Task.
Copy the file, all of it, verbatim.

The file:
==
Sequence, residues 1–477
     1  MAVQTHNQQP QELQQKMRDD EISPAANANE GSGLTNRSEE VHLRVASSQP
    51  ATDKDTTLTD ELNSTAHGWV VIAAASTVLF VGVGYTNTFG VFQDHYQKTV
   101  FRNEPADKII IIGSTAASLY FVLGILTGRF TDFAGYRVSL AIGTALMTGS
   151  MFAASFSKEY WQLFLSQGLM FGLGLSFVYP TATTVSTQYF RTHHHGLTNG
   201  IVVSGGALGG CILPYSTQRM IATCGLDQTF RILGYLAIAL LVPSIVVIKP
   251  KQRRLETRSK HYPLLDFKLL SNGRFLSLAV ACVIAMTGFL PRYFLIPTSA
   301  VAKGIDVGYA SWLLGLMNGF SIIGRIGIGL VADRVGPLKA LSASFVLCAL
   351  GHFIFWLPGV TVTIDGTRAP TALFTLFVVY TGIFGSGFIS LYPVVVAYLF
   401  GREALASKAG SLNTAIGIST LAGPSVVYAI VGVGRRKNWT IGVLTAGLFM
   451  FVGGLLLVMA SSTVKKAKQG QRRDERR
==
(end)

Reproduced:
Sequence, residues 1–477
     1  MAVQTHNQQP QELQQKMRDD EISPAANANE GSGLTNRSEE VHLRVASSQP
    51  ATDKDTTLTD ELNSTAHGWV VIAAASTVLF VGVGYTNTFG VFQDHYQKTV
   101  FRNEPADKII IIGSTAASLY FVLGILTGRF TDFAGYRVSL AIGTALMTGS
   151  MFAASFSKEY WQLFLSQGLM FGLGLSFVYP TATTVSTQYF RTHHHGLTNG
   201  IVVSGGALGG CILPYSTQRM IATCGLDQTF RILGYLAIAL LVPSIVVIKP
   251  KQRRLETRSK HYPLLDFKLL SNGRFLSLAV ACVIAMTGFL PRYFLIPTSA
   301  VAKGIDVGYA SWLLGLMNGF SIIGRIGIGL VADRVGPLKA LSASFVLCAL
   351  GHFIFWLPGV TVTIDGTRAP TALFTLFVVY TGIFGSGFIS LYPVVVAYLF
   401  GREALASKAG SLNTAIGIST LAGPSVVYAI VGVGRRKNWT IGVLTAGLFM
   451  FVGGLLLVMA SSTVKKAKQG QRRDERR